When it comes to worshiping, the parishioners of St. Jude’s Anglican Church know what it’s like to do the Hokey Pokey.
"Even though Tehachapi parishioners built the church in 1986, a state Superior Court awarded the property to the Episcopal Church seven years after the congregation, with its diocese, realigned into the Anglican Church of North America. It was then bought by an investor in early 2019, opening the door for St. Jude's to come back."
"We were refugees at Mountain Bible Church, who was very kind to us," the Rev. Wes Clare said last week.
After looking at other options for the congregation to meet, Wendy Clare, wife of Father Wes Clare, said they never believed the Curry Street church was an option, and they put it in their rearview mirror.
"When we had to leave our building, we thought we were leaving it for good," said an emotional Wendy. "It never occurred to us that we would ever go back there."
However, three years later, Father Wes and his congregation returned to the once-abandoned church, which was then occupied only by cobwebs and the occasional mouse.
An effort is now underway to buy the Curry Street church and the land it sits on so local
Anglican, or any who are interested in ancient Christian worship, can make it their forever home — at long last.
"We needed $140,000 total in order to finance the property. We have around $80,000, so if we get another $35,000, that would be a good start," Father Wes said, adding he hopes to obtain a 20-year note.
Ammie Fisher, local proprietor of Alligator Rose located at 117 S. Mill St., Suite H, started a small ministry three years ago and met once a month.
"The Lord started to speak to me, and He said once a month is not enough," said Fisher, who is the pastor of God's Glory in Tehachapi.
After God put it on her heart to meet every Sunday, Fisher approached Father Wes and asked if she and her congregation could meet at the Curry Street church at 1 p.m. following St. Jude's services.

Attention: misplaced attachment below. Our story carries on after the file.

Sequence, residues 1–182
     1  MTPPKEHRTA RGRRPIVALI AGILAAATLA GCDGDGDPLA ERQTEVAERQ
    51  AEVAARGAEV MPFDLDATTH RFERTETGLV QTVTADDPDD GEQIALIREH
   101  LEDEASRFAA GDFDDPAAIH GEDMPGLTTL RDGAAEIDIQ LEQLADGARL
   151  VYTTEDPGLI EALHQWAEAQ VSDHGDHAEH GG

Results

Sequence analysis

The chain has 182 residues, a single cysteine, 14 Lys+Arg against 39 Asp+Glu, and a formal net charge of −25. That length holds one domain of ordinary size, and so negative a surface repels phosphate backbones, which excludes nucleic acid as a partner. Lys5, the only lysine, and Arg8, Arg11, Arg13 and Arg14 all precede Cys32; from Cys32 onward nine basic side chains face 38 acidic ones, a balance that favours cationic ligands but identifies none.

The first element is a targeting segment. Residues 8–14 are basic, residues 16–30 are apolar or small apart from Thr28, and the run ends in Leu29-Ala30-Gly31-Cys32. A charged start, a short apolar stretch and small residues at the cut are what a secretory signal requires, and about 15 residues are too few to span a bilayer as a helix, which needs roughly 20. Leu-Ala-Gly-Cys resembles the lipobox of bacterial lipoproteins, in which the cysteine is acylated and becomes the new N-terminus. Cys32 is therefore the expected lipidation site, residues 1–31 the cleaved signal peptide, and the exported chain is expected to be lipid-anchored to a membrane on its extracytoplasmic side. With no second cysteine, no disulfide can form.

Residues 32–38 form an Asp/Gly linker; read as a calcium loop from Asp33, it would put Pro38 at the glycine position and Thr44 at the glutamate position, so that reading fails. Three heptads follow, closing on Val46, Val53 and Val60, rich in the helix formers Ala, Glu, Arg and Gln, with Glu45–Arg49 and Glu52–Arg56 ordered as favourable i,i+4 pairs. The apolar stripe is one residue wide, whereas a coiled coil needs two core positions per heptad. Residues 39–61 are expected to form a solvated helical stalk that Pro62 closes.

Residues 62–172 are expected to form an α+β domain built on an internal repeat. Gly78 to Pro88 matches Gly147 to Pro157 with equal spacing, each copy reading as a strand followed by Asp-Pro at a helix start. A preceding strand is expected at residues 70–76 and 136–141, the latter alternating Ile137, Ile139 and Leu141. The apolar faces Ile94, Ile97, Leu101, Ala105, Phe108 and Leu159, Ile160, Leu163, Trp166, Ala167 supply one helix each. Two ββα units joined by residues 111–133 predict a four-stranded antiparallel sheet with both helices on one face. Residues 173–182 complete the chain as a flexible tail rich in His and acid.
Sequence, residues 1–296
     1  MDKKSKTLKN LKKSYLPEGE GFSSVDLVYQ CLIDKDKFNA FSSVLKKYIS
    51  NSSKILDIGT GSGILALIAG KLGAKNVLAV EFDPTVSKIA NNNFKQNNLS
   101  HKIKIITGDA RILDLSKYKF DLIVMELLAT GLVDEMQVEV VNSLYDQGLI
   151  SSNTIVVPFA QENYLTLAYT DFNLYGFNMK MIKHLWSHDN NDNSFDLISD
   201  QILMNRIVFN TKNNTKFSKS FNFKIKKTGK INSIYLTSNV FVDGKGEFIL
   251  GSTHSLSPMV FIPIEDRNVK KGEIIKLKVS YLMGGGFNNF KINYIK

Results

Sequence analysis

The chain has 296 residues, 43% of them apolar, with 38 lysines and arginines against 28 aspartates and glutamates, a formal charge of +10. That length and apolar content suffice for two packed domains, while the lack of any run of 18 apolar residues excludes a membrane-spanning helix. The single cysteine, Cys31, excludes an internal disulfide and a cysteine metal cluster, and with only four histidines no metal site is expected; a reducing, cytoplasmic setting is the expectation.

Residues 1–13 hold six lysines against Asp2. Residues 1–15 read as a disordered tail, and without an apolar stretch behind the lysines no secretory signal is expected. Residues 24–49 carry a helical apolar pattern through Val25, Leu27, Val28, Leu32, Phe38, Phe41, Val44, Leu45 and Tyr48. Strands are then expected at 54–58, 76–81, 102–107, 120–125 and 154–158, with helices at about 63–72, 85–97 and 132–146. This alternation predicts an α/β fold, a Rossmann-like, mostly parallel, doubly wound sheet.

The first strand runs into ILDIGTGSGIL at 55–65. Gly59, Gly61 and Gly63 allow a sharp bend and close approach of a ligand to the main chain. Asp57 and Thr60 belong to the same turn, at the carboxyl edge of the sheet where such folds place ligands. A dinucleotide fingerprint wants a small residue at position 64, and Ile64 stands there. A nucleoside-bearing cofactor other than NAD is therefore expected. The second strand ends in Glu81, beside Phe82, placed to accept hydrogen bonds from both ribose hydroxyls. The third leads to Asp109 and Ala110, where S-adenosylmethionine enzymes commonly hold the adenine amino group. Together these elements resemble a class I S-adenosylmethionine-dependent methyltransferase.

Knowing Father Wes was in the process of trying to buy back his church, Fisher said she further felt compelled to help.
"It was mutually beneficial because the space is incredible, and we get to be part of their story line," Fisher said.
In a fundraiser effort to help Father Wes to purchase the church, Fisher will donate 30 percent of the proceeds from the sale of all her pottery pieces and selected jewelry pieces sold at her specialty store, Alligator Rose, to the church.
Hours at Alligator Rose are 10 a.m. to 4 p.m., Tuesday through Saturday.
So far, Fisher said she has raised approximately $3,000 out of her goal to raise $10,000 as part of a down payment for the church.
"This is our grand finale," Fisher said. "We are pulling out all of the stops!"
In addition, Father Wes said he hopes to hold a rummage sale later this summer and a car show at a later date.
The clock is ticking, however, as the church currently has about another year on its lease, and the owner is looking to sell to Father Wes and his congregation.
Said Wendy, "We are not a wealthy church, but we are wealthy in love. I just kept praying, and then out of the blue, Ammie steps up and offers to raise $10,000."
But as the saying goes, the Lord works in mysterious ways.
"He just keeps surprising us," Wendy said. "This is so typical of who He is. If there is anything anyone wants to do, we will be greatly appreciative. He is working through the people, and God's not done with us yet."
Services are held Sundays at 10 a.m., and a men's breakfast is held every second and fourth Saturday of the month at 8 a.m.
For more information or to offer a donation, email email@example.com.